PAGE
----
Composite puzzles

From the front page of today’s New York Times, “Diverse Sources Pour Cash Into Taliban’s War Chest” by Eric Schmitt:

The Taliban in Afghanistan are running a sophisticated financial network to pay for their insurgent operations, raising hundred of millions of dollars from the illicit drug trade, kidnappings, extortion and foreign donations …

A point of linguistic interest is the composite nominal insurgent operations, in particular its first element, insurgent: noun or adjective? It has uses as a noun (OED2 has it from 1765) and uses as an adjective (from 1814 in OED2).

Either is possible. The whole nominal could be a compound noun meaning, roughly, ‘operations by insurgents’, parallel to invader operations:

US Brigadier General Mark Kimmitt, deputy director of US invader operations, claimed that two crewmen escaped injury and the helicopter was recovered. (link)

Or the nominal could involve a “non-predicating adjective” insurgent, in a composite with an adjective understood not as predicating some property of the head noun but as evoking some noun — as in electrical engineer (where electricity is evoked) and transformational grammar (where transformation(s) is evoked) — a type of nominal discussed several times on Language Log, for instance here.

What makes things tricky is that if insurgent is a non-predicating adjective in insurgent operations, then the evoked noun is the noun insurgent(s). Whoops.

It is, of course, possible that insurgent operations has one analysis in one set of examples, another in a different set.

There are ways to check out these possibilities. In particular, we can use the very strong tendency for like to conjoin with like and look at the pattern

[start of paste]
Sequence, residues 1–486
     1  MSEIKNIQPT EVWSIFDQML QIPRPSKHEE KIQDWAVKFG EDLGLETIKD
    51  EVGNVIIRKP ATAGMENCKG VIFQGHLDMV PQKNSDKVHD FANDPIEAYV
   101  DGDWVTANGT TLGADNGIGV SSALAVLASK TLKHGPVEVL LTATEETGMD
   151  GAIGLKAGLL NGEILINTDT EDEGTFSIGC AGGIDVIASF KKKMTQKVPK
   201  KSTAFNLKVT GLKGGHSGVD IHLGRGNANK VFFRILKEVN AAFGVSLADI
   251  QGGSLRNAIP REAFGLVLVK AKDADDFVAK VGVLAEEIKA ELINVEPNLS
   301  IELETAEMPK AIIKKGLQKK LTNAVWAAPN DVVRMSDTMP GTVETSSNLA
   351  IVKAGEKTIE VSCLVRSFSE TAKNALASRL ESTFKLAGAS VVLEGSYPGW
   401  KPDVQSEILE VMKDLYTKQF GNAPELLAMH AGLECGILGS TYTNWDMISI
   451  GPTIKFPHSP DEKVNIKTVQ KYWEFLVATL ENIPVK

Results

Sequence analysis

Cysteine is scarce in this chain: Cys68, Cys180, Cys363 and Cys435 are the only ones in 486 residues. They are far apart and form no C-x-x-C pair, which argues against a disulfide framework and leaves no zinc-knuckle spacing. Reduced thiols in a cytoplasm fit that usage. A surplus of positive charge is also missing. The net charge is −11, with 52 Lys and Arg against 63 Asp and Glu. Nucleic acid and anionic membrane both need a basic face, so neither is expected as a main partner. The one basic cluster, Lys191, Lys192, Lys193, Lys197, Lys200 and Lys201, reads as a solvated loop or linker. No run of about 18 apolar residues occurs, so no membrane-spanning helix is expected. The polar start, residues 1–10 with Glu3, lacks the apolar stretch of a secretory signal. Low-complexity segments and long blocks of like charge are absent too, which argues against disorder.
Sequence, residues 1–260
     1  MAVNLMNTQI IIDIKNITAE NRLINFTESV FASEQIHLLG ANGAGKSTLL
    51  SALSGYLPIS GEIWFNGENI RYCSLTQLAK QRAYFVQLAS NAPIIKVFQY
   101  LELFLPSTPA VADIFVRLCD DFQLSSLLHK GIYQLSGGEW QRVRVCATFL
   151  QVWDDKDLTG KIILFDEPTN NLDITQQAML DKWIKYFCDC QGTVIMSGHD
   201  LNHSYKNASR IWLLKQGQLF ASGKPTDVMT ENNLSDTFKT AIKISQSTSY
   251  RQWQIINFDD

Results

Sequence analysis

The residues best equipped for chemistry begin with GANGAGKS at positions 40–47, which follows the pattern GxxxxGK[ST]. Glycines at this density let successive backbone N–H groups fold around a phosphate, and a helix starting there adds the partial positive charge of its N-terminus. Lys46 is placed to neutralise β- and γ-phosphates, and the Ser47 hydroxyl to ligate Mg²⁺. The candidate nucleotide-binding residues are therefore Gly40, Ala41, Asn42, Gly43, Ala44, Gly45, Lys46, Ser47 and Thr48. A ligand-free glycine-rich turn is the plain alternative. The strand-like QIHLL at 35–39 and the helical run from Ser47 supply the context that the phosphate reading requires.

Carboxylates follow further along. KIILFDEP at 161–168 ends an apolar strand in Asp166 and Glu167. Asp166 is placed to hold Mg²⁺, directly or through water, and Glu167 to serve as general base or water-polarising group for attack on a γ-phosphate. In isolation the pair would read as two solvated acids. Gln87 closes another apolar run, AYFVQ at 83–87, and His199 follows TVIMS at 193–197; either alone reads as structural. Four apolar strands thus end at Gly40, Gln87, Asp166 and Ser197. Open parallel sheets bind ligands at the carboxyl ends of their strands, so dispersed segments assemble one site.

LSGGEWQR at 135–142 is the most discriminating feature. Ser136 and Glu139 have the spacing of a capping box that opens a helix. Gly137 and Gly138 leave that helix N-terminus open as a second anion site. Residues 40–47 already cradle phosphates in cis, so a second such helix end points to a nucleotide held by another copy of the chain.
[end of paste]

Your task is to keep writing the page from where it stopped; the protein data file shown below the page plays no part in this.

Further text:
insurgent and * operations

(and of course composites with head nouns other than operations, but this noun will do for my current purposes), to see what sorts of things insurgent conjoins with.

What we find is, first, some other words that are indeterminate in category:

insurgent and terrorist operations, insurgent and counterinsurgent operations, insurgent and jihadist operations, insurgent and criminal operations

But then some clear nouns:

insurgent and IED [improvised explosive device] operations, insurgent and government operations, insurgent and terror operations

and some that are probably or surely adjectives:

insurgent and sectarian operations, insurgent and conventional operations, insurgent and subversive operations, insurgent and military operations

My answer to the question “noun or adjective?” is then: sometimes one, sometimes the other.

(Side note: over on Language Log I’ve  posted about Jan Freeman’s new book annotating Ambrose Bierce’s Write It Right. Bierce was hostile to non-predicating adjectives. He objected to insane asylum (p. 100 in Freeman’s book) on logical grounds:

Obviously an asylum cannot be unsound in mind. Say, asylum for the insane.

Freeman notes in her comment that

In the mid-19th century, some people liked to argue that “grammatical error” was a nonsensical notion, because an error in language could not be “grammatical.”

A little “logic” can be a dangerous thing.)

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